After the fourth stage, the final result is a file containing function names and tokens, with one token per line. Further, after filtering, the code only contains symbols that indicate C tokens, variables, and strings. Further yet, the sequence of symbols per function are pseudo-unique per code functionality. For large sequences, the chances of two vastly different function having similar token sequences becomes very low.

With embodiments in accordance with the present invention, the need for human intervention in the license-review process is drastically reduced since target functions are compared against compare functions to determine if the target functions are subject to one or more known or pre-existing software licenses. Once the output is generated (example, displayed or printed in a report), a reviewer can easily review thousands of files to determine if any files contain code that is subject to a license.

Embodiments in accordance with the present invention are utilized in a variety of systems, methods, and apparatus. FIG. 4 illustrates an exemplary embodiment as a computer system 400 for utilizing one or more of the flow diagrams and/or aspects of exemplary embodiments in accordance with the present invention.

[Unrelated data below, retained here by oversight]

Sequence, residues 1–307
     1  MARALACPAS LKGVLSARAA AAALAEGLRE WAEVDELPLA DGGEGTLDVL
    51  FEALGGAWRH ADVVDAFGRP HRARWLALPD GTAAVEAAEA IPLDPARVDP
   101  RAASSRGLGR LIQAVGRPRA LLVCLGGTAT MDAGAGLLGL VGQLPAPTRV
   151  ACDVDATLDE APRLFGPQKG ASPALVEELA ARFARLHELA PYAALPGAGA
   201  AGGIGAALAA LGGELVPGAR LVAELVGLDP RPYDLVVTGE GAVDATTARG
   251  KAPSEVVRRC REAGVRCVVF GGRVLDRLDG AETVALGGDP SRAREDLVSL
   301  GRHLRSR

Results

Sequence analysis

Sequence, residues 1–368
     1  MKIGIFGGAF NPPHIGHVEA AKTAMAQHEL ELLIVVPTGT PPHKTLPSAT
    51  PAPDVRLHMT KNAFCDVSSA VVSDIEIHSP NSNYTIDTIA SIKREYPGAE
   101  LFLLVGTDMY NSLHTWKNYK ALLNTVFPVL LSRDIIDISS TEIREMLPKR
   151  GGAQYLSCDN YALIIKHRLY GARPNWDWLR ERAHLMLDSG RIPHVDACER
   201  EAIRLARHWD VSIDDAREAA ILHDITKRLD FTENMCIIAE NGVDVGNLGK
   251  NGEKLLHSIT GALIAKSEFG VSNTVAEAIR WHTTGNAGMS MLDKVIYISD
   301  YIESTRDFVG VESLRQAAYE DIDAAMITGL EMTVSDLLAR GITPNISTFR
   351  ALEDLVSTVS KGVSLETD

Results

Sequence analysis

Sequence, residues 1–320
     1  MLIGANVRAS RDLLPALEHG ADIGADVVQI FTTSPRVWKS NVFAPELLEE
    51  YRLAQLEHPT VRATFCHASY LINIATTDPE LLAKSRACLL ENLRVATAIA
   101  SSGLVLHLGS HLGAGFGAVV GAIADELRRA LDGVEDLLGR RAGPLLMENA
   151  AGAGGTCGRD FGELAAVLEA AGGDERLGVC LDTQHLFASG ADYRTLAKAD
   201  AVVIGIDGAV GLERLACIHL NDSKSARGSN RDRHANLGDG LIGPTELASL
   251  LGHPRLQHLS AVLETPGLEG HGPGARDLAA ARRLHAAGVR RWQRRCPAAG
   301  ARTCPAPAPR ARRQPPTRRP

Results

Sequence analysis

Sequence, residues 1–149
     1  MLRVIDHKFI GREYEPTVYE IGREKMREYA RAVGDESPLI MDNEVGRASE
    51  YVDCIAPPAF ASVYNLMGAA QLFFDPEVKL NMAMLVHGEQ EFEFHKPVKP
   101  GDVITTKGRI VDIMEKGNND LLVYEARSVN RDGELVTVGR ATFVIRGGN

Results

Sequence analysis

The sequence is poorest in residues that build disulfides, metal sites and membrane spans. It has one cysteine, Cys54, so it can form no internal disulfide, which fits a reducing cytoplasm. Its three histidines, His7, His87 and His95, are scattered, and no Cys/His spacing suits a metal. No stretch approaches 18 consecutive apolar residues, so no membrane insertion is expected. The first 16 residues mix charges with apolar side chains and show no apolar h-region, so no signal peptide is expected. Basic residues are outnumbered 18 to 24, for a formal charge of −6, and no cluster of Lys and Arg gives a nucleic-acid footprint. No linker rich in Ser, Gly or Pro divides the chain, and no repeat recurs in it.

The system 400 includes a host computer system 420 and a repository, warehouse, or database 430. The host computer system 420 comprises a processing unit 450 (such as one or more processors of central processing units, CPUs) for controlling the overall operation of memory 460 (such as random access memory (RAM) for temporary data storage and read only memory (ROM) for permanent data storage) and algorithms 470 (which may be located in memory 460 or other location). The memory 460, for example, stores data, control programs, and other data associate with the host computer system 420. The processing unit 450 communicates with memory 460, data base 430, algorithms 470 (such as the alignment algorithm), and many other components via buses 490. These algorithms include, but are not limited to, the flow diagrams of FIGS. 1 and 2 and variations thereof.

Embodiments in accordance with the present invention are not limited to any particular type or number of databases and/or host computer systems. The host computer system, for example, includes various portable and non-portable computers and/or electronic devices. Exemplary host computer systems include, but are not limited to, computers (portable and non-portable), servers, main frame computers, distributed computing devices, laptops, and other electronic devices and systems whether such devices and systems are portable or non-portable.